High Park Noir, produced by Simply Twisted Productions, embraced the night by opening late at 10:30pm at the Toronto Fringe Festival. I found it a fascinating take on the noir genre, focusing on a group of quirky but loveable animals caught up in corruption, murder, and condo development.
I had never been to a show at the Toronto Fringe Festival before and High Park Noir seemed like a great place to start, since it promised me many things that I love. I found that the acting was fun and campy but not too overwhelming, that the overarching plot worked well, and that the live music complimented the production perfectly. Overall, it was a pleasant experience and one of the most fun I’ve had at any theatre production.
I was initially interested in High Park Noir since I am a film studies major and a fan of the film noir. The play seemed like textbook noir. Jim Armstrong plays a racoon detective (or “dick”) named Detective Dick, who is tracking down a dog (Cory Bertrand) in connection to the murder of an unnamed racoon cub.
High Park Noir doesn’t get too lost in the drama of noir, though. You don’t even need to be familiar with noir to enjoy it. It left a lot of room to be fun and campy, which I enjoyed thoroughly. In between scenes that uncovered the corruption of the “Pawlice Department”, there were bits of silly animal humour. For example, the cat characters acted like cats: compulsively pushing objects off of tables, licking their paws, and sniffing every object in sight.
Additionally, High Park Noir took some time to offer commentary on the city of Toronto which I thought was important. “Never before has condo construction been stopped in this city,” Detective Dick said at the climax of the play. I thought that was an especially funny line and, upon hearing it, scribbled it into my notebook immediately.
As per the usual noir tropes, Detective Dick has a dark past: he accidentally murdered an innocent racoon. As a result, he turned to drinking and monologuing his sorrows to the audience, which I found a humorous and effective way for me to feel sympathy for his character.
It was hard for me to empathize or even like Detective Dick at first. It felt like he was in a different world altogether than the other fun, quirky cast of characters. However, the writing of the play does a fantastic job with Detective Dick’s story and made me feel sympathetic for him with a few short lines of backstory. None of it felt convoluted or that there was too much exposition.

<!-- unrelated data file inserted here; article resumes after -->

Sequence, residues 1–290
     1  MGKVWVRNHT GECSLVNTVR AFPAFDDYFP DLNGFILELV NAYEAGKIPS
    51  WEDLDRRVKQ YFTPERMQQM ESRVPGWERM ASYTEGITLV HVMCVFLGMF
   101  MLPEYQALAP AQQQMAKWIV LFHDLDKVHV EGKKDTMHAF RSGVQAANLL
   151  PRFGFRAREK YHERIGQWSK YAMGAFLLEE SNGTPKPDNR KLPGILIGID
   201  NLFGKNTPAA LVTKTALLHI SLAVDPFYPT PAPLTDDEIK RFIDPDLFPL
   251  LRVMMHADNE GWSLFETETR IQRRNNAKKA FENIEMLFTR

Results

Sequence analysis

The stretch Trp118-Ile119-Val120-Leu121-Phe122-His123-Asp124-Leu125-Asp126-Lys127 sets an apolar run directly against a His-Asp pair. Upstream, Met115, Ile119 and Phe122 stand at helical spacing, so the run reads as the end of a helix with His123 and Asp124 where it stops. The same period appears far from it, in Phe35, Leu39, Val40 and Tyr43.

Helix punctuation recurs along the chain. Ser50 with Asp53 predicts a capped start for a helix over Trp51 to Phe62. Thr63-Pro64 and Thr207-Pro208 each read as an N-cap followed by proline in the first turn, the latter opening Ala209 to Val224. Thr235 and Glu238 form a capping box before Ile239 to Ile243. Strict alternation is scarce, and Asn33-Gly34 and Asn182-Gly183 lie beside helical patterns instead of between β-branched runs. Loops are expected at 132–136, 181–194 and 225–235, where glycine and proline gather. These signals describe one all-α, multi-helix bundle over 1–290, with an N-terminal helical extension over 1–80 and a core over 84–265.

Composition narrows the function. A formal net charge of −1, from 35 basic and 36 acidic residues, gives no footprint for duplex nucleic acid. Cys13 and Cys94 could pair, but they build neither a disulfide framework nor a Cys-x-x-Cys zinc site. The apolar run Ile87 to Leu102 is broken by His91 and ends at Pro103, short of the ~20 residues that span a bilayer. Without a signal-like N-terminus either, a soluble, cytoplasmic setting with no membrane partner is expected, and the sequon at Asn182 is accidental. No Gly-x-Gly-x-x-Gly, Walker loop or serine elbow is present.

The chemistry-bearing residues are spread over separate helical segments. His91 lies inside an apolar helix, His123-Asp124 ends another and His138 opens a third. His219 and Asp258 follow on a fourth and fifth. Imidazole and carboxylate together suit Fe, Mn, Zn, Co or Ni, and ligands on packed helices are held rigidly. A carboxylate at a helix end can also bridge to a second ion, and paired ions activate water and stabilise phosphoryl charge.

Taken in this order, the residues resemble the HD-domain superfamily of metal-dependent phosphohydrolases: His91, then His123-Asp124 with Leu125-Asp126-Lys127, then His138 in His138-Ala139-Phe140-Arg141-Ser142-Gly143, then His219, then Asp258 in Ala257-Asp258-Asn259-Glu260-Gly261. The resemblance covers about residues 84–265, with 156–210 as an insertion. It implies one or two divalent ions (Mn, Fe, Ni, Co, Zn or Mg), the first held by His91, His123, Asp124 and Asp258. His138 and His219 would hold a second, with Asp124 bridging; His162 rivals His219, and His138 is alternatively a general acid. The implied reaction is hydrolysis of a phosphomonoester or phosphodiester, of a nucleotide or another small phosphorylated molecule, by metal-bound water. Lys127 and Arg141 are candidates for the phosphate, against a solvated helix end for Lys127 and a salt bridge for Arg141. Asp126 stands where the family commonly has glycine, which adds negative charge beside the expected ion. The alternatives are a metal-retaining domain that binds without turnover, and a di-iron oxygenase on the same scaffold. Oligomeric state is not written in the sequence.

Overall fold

One of the biggest delights of High Park Noir was Freya Ravensbergen’s Officer Pussy, whose energetic performance I thought was especially endearing. When she was on stage, I found it difficult to focus on anyone else. Another standout was Laura Kyswaty’s Angel, who performed a dance number which I enjoyed immensely.
Then there was the music. Abigail Neale and Vennie Tu, the performers for the night, were a wonderful addition to my enjoyment of the production. Their cues set up the mood for each scene extremely well.
With good acting, costuming, writing, music, and production value, I have very few negative things to say about High Park Noir. Some of the delivery and movement could have been more polished, but this fault wasn’t enough to make me like enjoy it less.
High Park Noir is pleasant, fun, and brilliant. I would recommend it to anyone who appreciates film noir, quirkiness, and/or campy humour.
- High Park Noir plays at the Theatre Passe Muraille Mainspace. (16 Ryerson Ave.)
- Tickets are $12. The festival also offers a range of money-saving passes for serious Fringers.
- Tickets can be purchased online, by telephone (416-966-1062), from the Fringe Club at Scadding Court, and — if any remain — from the venue’s box office starting one hour before curtain.
- Be aware that Fringe performances always start exactly on time, and that latecomers are never admitted.
- Content Warning: Sexual Content.
- This venue is wheelchair-accessible. Accessible seating is in the very front row.
- Wednesday July 5th, 10:30 pm
- Saturday July 8th, 07:30 pm
- Sunday July 9th, 03:30 pm
- Tuesday July 11th, 02:45 pm
- Wednesday July 12th, 09:45 pm
- Friday July 14th, 05:45 pm
- Saturday July 15th, 01:45 pm
Photo of Jim Armstrong and Cory Bertrand by Stephen Kew